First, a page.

amoxicillin (Amoxil, Moxatag, Larotid)

  • Pharmacy Author:
    Omudhome Ogbru, PharmD

    Dr. Ogbru received his Doctorate in Pharmacy from the University of the Pacific School of Pharmacy in 1995. He completed a Pharmacy Practice Residency at the University of Arizona/University Medical Center in 1996. He was a Professor of Pharmacy Practice and a Regional Clerkship Coordinator for the University of the Pacific School of Pharmacy from 1996-99.

  • Medical and Pharmacy Editor: Jay W. Marks, MD
    Jay W. Marks, MD

    Jay W. Marks, MD

    Jay W. Marks, MD, is a board-certified internist and gastroenterologist. He graduated from Yale University School of Medicine and trained in internal medicine and gastroenterology at UCLA/Cedars-Sinai Medical Center in Los Angeles.

What is amoxicillin? How does it work (mechanism of action)?

Amoxicillin belongs to a class of antibiotics called penicillins. Other members of this class include

  • ampicillin (Unasyn),
  • piperacillin (Pipracil),
  • ticarcillin (Ticar), and
  • several others.

These antibiotics all have a similar mechanism of action. They do not directly kill bacteria, but they stop bacteria from multiplying by preventing bacteria from forming the walls that surround them. The walls are necessary to protect bacteria from their environment and to keep the contents of the bacterial cell together. Bacteria cannot survive without a cell wall. Amoxicillin is effective against many different bacteria including H. influenzae, N. gonorrhoea, E. coli, Pneumococci, Streptococci, and certain strains of Staphylococci.

The FDA approved Amoxicillin in December 1974.

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Why are the uses for amoxicillin (what does it treat)?

What are amoxicillin side effects?

Side effects due to amoxicillin include:

People who are allergic to the cephalosporin class of antibiotics, which are related to the penicillins, for example, cefaclor (Ceclor), cephalexin (Keflex), and cefprozil (Cefzil), may or may not be allergic to penicillins.

Serious but rare reactions include:

Amoxicillin can alter the normal bacteria in the colon and encourage overgrowth of some bacteria such as Clostridium difficile which causes inflammation of the colon (pseudomembranous colitis). Patients who develop signs of pseudomembranous colitis after starting amoxicillin (diarrhea, fever, abdominal pain, and possibly shock) should contact their physician immediately.

What is the dosage for amoxicillin?

  • For most infections in adults the dose of amoxicillin is 250 mg every 8 hours, 500 mg every 8 hours, 500 mg every 12 hours or 875 mg every 12 hours, depending on the type and severity of infection.
  • For the treatment of adults with gonorrhea, the dose is 3 g given as one dose.
  • For most infections, children older than 3 months but less than 40 kg are treated with 25 or 45 mg/kg/day in divided doses every 12 hours or 20 or 40 mg/kg/day with one-third of the daily dose given every 8 hours depending on the type and severity of the infection.
  • Amoxicillin can be taken with or without food.

Which drugs or supplements interact with amoxicillin?

Amoxicillin is rarely associated with important drug interactions.

Is amoxicillin safe to take if I am pregnant or breastfeeding?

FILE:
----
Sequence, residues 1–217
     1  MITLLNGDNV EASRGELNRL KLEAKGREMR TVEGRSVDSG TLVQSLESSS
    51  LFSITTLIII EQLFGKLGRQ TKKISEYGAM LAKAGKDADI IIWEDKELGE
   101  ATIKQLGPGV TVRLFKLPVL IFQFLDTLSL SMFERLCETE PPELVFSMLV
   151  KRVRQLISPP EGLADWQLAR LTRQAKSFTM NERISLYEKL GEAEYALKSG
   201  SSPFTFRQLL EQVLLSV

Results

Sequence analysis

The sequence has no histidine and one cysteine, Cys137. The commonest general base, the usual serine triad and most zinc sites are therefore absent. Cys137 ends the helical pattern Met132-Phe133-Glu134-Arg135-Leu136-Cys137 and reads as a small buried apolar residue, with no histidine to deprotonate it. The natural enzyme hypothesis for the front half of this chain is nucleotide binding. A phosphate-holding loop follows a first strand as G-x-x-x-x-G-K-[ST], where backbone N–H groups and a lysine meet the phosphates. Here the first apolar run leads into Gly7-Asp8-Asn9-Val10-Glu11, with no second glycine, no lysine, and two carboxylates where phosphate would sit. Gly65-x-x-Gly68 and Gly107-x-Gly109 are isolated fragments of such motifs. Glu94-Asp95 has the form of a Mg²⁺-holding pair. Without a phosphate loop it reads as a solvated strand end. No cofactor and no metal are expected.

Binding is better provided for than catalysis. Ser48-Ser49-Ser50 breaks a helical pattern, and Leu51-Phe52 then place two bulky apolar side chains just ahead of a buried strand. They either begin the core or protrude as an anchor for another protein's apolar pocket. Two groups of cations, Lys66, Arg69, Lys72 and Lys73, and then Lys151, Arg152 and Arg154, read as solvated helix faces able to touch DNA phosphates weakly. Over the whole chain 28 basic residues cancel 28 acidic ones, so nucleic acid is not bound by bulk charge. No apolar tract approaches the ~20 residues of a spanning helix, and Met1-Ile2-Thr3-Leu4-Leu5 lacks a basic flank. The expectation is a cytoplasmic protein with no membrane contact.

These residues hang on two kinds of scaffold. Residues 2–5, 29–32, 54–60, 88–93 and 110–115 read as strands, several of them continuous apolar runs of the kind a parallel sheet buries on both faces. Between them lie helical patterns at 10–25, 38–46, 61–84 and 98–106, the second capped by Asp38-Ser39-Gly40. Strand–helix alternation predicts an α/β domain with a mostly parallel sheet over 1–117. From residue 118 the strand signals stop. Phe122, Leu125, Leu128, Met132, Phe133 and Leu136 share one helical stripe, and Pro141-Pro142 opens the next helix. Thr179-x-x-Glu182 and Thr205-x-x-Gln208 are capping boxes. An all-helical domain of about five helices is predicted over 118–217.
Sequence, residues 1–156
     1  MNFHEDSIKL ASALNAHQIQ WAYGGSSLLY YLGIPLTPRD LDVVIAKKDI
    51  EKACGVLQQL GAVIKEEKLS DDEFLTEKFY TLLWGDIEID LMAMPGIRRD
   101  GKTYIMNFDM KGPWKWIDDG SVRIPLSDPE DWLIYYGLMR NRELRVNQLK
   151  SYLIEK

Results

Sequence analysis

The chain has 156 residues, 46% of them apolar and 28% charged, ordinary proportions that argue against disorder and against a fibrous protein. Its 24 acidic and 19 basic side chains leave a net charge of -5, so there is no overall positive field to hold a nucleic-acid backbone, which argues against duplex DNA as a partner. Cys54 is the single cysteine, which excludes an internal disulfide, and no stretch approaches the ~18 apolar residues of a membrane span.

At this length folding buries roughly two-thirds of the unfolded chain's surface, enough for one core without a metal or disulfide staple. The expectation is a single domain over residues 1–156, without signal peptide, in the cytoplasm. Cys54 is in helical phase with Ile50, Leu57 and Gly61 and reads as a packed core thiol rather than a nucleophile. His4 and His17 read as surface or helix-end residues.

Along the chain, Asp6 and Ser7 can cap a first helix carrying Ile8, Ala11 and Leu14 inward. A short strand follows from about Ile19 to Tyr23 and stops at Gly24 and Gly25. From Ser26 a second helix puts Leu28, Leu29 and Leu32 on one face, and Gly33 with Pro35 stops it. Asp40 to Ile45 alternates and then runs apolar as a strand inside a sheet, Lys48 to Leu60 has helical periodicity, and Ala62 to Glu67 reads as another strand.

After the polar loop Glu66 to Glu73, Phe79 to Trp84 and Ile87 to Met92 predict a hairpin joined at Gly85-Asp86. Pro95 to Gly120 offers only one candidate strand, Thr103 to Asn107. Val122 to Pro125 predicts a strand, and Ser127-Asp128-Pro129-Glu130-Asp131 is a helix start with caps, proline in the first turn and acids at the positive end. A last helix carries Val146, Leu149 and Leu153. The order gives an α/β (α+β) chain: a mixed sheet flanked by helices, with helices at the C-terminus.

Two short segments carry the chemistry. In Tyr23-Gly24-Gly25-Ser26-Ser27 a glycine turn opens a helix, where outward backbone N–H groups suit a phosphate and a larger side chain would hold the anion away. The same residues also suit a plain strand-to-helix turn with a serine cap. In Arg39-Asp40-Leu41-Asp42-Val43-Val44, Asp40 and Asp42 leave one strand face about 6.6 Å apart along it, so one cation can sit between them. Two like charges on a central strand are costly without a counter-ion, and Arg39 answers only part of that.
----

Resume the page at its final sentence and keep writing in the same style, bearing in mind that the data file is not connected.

• Penicillins are generally considered safe for use by pregnant women who are not allergic to penicillin.
  • Small amounts of amoxicillin may be excreted in breast milk and may cause diarrhea or allergic responses in nursing infants. Amoxicillin is generally considered safe to use while breastfeeding. Amoxicillin is used to treat infections in the newborn.

What else should I know about amoxicillin?

Preparations

  • Capsules: 250 and 500 mg.
  • Tablets: 500 and 875 mg.
  • Chewable tablets: 125, 200, 250, and 400 mg.
  • Powder for suspension: 50 mg/ml ; 125, 200, 250, and 400 mg/5 ml.
  • Tablet (Extended release): 775 mg

Storage

  • Amoxicillin capsules as well as the 125 and 250 mg dry powders should b e stored at or below 20 C (68 F).
  • Chewable tablets as well as 200 and 400 mg dry powders should be stored at or below 25 C(77 F).
  • Trimox capsules and unreconstituted powder should be stored at or below 20 C (68 F), and chewable tablets should be stored at room temperature 15 C to 30 C (59 F to 86 F).
  • Powder that has been mixed with water should be discarded after 14 days. Refrigeration is preferred but not required for powder mixed with water.

Other information about amoxicillin

  • Amoxicillin is available in generic form and is available by prescription only.
  • Brand names available in the US for amoxicillin are Amoxil, Moxatag, and Larotid.

Reference: FDA Prescribing Information

Summary

Amoxicillin (Amoxil, Moxatag, Larotid) is an antibiotic that belongs to a class of antibiotics called penicillins. Common infections that amoxicillin is used to treat include middle ear infections, tonsillitis, laryngitis, bronchitis, pneumonia, skin, gonorrhea, and urinary tract infections.

Common side effects of amoxicillin include nausea, itching, vomiting, confusion, abdominal pain, and easy bruising.

Drug interactions, dosing, storage, and pregnancy and breastfeeding safety should be reviewed prior to taking penicillins.

Dispermox, Trimox, Wymox, Utimox, and Polymox are discontinued brands and are no longer available in the US.

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See more info: amoxicillin on RxList
Reviewed on 11/8/2016
References
Reference: FDA Prescribing Information

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